Filed under: childhood, family, fatherhood, Memory, Uncategorized | Tags: brothers, fathers and sons, Foster care, Parenthood, relationships
This is part II – you might want to read Part I first
The two boys stack children’s furniture and other bits and bobs that are lying around the garden into clumsy modern art sculptures, and then clamber up onto the garden table. They take turns to jump off it and smash their creations to pieces. Each landing leads to bursts of laughter and shouting that has me smiling – attempting to stencil the moment in my mind forever.
The boys run past us into the bedroom and reappear dressed as Spidermen. The two of them leap about the garden firing invisible web from invisible web shooters on their wrists. Suddenly my son Dylan picks up a chair and throws it across the garden. Kai quickly picks it up and throws it into the air. They giggle and then Dylan races towards the patio window and fires more web at all of us, who are sitting on the other side.
They’ve been playing together like this since we arrived. First it was Top Trumps on the bedroom floor and now as a pair of slightly crazed mini superheroes with an equal attraction to construction and demolition.
“For this brief moment there is nothing else in the whole universe except my son and his son”
From the other side of the patio glass, I watch them play. A contented smile slips down into my stomach, making me feel gooey and warm. I’m interrupted by that part of my mind that wants to deconstruct the moment and pick away at it, looking for deeper meaning. ‘This is special,’ it is saying. ‘Can’t you see this is like a lost history playing itself out through these two little boys? You see that right?!’ But I don’t want to see past the moving picture they are painting. I don’t want to think. I just want to feel, and for this brief moment there is nothing else in the whole universe except my son and his son and colourful furniture flying through the air.
When we arrived earlier that day, five-year-old Kai was waiting on the drive. I can see him now. He is brimming with smiles and confidence. Dylan moves towards me, momentarily shy. My wife, Clea, and I take a collective deep breath. I think I shake Kai’s hand. Clea hugs him. He leads us into the house that immediately feels crowded. I struggle with the pram as new faces appear in the corridor. Garry’s wife smiles. Next to her their daughter Bethany looks uncertain. At first nobody is quite sure how to say hello and in what order. I hang back by the door and let my wife go first, like I often do in new situations. She starts the greetings and slowly my new older brother Garry makes his way towards me. I think I see an arm starting to extend for a handshake, but I slip past it and hug him. He tenses up slightly.
My new brother Garry is 45 (I am 38). This is only the third time we have ever spoken, the second time we’ve met and the first time our wives and children have met. Throughout the afternoon, Garry hardly sits down. He mainly stands in the kitchen behind the breakfast bar, periodically venturing out from time to time to check on the BBQ. Football plays continually on a big flat screen on the wall. It had settled my nerves when I first saw the TV on.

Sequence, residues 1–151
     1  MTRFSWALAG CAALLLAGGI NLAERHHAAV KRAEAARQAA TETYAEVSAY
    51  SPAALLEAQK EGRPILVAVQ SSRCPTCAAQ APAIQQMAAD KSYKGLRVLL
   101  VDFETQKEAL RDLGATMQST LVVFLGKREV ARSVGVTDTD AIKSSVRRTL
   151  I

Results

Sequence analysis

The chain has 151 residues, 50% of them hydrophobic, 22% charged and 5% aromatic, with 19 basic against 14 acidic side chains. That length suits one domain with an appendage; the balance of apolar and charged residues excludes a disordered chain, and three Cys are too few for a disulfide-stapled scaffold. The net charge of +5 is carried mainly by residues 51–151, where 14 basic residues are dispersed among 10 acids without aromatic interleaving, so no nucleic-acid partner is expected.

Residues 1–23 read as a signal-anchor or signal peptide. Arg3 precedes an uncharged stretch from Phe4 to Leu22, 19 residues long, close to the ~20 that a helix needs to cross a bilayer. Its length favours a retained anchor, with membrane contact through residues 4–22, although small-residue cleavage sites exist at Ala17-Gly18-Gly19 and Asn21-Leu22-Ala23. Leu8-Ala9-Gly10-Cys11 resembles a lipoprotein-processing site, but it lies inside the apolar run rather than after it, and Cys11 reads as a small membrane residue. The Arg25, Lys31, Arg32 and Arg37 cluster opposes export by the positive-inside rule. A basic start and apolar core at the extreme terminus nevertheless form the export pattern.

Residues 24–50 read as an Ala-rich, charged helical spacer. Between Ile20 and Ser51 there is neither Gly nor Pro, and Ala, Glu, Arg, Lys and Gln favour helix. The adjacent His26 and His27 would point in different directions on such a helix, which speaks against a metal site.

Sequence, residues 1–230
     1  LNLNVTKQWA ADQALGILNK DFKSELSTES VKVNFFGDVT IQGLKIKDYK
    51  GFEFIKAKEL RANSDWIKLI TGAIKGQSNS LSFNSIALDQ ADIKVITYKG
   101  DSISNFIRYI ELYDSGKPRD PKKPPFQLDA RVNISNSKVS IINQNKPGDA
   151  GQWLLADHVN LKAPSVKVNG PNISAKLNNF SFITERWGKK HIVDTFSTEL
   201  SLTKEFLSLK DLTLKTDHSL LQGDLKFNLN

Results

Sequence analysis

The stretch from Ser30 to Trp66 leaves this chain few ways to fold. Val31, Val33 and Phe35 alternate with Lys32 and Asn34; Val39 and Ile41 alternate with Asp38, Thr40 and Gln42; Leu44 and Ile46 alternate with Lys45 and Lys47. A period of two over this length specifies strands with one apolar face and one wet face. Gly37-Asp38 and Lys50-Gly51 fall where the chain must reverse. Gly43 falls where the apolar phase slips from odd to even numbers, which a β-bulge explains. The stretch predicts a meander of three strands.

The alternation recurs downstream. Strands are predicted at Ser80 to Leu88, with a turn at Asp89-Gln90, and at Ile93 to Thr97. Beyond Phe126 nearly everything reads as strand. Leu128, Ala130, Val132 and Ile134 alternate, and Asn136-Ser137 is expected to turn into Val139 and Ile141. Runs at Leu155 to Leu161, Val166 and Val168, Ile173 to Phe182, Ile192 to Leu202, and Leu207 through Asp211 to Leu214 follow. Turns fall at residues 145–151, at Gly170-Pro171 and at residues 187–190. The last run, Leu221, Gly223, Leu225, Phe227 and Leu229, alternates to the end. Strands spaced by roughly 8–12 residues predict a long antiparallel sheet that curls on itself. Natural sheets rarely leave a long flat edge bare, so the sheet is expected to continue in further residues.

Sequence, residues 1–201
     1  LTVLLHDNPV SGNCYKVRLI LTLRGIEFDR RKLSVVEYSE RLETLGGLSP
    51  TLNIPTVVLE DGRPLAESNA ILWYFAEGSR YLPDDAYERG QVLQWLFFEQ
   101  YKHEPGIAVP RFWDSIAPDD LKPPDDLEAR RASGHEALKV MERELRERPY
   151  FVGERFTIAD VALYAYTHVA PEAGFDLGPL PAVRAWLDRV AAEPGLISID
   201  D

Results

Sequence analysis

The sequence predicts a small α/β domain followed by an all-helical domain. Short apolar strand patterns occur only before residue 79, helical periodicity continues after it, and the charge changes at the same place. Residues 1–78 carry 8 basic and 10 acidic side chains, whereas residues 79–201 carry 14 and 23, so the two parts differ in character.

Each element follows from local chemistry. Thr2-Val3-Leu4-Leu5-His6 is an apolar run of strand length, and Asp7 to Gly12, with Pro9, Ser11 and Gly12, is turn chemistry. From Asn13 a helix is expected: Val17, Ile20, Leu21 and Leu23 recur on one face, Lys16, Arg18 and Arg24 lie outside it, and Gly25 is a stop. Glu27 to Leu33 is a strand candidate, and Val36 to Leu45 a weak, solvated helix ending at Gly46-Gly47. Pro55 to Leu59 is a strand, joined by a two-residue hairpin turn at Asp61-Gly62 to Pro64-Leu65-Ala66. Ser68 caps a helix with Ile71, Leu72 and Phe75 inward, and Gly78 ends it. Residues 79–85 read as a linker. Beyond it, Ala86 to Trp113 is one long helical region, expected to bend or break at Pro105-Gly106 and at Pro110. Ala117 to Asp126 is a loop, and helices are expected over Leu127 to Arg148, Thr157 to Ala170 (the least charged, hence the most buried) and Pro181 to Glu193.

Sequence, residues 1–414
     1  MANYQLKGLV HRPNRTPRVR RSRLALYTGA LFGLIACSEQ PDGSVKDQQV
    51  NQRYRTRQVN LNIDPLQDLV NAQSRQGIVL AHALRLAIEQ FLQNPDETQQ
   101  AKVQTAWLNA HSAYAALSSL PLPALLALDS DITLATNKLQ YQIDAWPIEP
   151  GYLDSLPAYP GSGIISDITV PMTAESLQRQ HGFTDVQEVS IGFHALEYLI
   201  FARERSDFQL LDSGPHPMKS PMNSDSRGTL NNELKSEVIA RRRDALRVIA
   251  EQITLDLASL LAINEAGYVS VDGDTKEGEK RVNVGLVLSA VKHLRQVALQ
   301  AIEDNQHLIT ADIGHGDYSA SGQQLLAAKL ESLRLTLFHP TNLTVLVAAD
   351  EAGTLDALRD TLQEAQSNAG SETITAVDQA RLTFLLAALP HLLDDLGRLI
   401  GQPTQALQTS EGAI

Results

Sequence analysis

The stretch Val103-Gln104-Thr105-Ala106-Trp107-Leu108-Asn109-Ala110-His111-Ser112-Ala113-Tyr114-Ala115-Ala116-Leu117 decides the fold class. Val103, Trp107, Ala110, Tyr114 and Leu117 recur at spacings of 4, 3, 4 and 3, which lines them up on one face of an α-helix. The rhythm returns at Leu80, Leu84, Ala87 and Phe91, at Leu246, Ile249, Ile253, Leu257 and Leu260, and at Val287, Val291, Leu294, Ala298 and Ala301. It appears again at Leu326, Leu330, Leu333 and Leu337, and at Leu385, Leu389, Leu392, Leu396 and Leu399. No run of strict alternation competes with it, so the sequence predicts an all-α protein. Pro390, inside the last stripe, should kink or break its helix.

Throughout the day we wander through different topics of conversation. The standards of local schools, growing up in the rougher parts of the city, the gentrification that is swallowing up these same parts, to eat meat or not to eat meat and that documentary about chickens that has scared Clea into part-time vegetarianism. Garry’s daughter Bethany spends most of her time indoors, drawing butterflies at the table. She seems transfixed by Lyla, my baby daughter, and later wears the most beautiful look of concentration as she carefully holds her in her arms. Later still, Garry’s wife Sarah takes Lyla into her own arms, where she falls sound asleep. The boys play together most of the day and only stop to sit at the table in the corner of the garden to eat burgers and talk with each other like old friends. The normality of the day is comforting.
Conversation is easy the whole time we’re there. I’d feared we might quickly run out of words, but we never do. Still, we don’t delve too deep. I remember Garry writing in an email to me that he is not a big talker. “But I’m a good listener,” he had said when we met.
“We have different ages, different backgrounds, different stories… but are bound together”
From our first meeting it was clear we were different. Different ages, different backgrounds, different stories, but bound together by the distance we both shared from our father (when he mentions him he always says, “your dad”). As an adult I have closed this gap. Garry has not seen him since he was 14. But there are similarities between us. Films, music, sport, something in our eyes. I see traces of my dad in him. Some are physical – they flicker in his face. Others are deeper: the quietness they both have, the thinking they’ve both done in silence.
As mine and Garry’s lives start to intertwine, I can’t help but wonder what he is thinking about all of this. His poker face is almost professional, but did I see it slip as he gazed out at Kai and Dylan playing in the garden? Perhaps it’s less about us – more about them. Our two small boys and two smaller girls. That same blood running through their little bodies. Family coming together and building something new with all the normal jagged edges. We’re starting late, but not too late for them.